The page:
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Flights, trains and minister hit by rain, Mumbaikar keeps head above water

Mumbai, June 30: For once the people’s representative was truly among his people — but wet and hardly content.

Torrential rain sent a Mumbai suburb under water, forced a minister out of his flooded home and left him on the street with his neighbours as nature the great leveller swamped the country’s commercial capital today.

A rescue team arrived in less than 15 minutes to whisk Chandrakant Handore and his family to safety, but not before the Maharashtra social justice minister, rarely seen among his electors, became one with them.

“Chandrakant Handore’s house in suburban Chembur was submerged besides several ground-floor flats because of torrential rain. I must admit there is not much that can be done overnight in such a situation,” said city civic chief Jairaj Phatak.

South and central Mumbai recorded 158.5mm of rainfall while the suburbs received 603.3mm in the 12 hours since 2.30 at night.

Water also entered actor Amitabh Bachchan’s bungalow Prateeksha, where his son Abhishek and Aishwarya Rai tied the knot on April 18.

As the city struggled to stay afloat, an anxious chief minister, Vilasrao Deshmukh, rang up top officials from Seattle in the US asking them to avoid a repeat of 2005, when a week-long deluge killed hundreds and brought the city to a halt.

Civic authorities warned people not to venture out of homes between 10am and 5pm as the downpour was expected to coincide with the forecast of high tide in the afternoon. Power cuts were reported from several suburbs.

The downpour also left the Mumbai airport runway flooded. “Visibility was poor due to heavy rains and flight operations were suspended from 11.55am to 1.05pm. This resulted in 36 cancellations and 27 diversions, disrupting flight schedules and leading to a backlog,” Mumbai International Airport Ltd (MIAL) spokesperson Manish Kalghatgi told The Telegraph.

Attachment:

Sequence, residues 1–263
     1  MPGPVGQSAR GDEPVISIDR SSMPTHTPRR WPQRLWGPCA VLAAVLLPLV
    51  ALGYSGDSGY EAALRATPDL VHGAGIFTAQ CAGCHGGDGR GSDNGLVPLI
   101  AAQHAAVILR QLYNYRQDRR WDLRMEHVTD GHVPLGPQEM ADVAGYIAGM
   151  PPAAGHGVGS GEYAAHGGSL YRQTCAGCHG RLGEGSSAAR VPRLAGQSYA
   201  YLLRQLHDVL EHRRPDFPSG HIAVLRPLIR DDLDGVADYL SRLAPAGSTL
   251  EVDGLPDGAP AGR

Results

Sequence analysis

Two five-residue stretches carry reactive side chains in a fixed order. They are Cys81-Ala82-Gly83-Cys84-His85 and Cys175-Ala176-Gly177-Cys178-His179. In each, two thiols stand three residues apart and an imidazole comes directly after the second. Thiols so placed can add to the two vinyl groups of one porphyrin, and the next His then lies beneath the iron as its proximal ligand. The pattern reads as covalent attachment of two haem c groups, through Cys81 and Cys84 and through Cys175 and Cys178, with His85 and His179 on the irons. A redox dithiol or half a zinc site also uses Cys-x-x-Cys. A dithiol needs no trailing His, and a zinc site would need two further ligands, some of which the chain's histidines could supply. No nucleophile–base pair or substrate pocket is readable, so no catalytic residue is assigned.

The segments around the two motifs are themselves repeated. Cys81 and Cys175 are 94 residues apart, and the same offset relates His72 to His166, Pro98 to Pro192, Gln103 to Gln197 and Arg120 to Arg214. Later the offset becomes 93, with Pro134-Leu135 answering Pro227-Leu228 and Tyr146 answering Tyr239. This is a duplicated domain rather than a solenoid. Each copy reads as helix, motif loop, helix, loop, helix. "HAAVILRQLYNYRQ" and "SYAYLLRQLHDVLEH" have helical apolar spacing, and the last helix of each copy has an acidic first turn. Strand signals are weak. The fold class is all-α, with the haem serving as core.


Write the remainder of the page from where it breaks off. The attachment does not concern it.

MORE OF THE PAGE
While full-fare airlines provided meals and water to stranded passengers, those flying with low-cost airlines were left to fend for themselves.

“As a humanitarian gesture, MIAL distributed 2,000 packed meals to stranded passengers,” Kalghatgi said.

From Calcutta, flights for Mumbai stopped taking off around 3.45pm, while arrivals from Mumbai stopped around 5, officials at Calcutta airport said. At least 12 flights to and from Mumbai were cancelled.

The Mumbai Mail via Allahabad was rescheduled to leave Howrah at 12 midnight instead of 10pm, an Eastern Railway official said.

“To avoid getting stuck, I had left much earlier than necessary and there were hordes of people like me,” said Parag Mitra, a banker, who was scheduled to fly back to Calcutta.

“These things are bound to happen with such poor infrastructure. But it’s a shame that the airport at the commercial capital of the country collapses every time during the monsoons,” said co-passenger Alim Lakdawala.

Local train services, the transport lifeline of the crowded city, were suspended in many areas as water flooded the tracks. Most outstation trains were delayed.

Road traffic had to be diverted after floods were reported in 17 areas. Police said five persons died in the rains and three were injured in separate cases of electrocution.

Over 1,500 residents in areas adjoining the domestic airport in Kurla were shifted after the Mithi river flooded shanties.

The weather office predicted more heavy rain over the next 24 hours.

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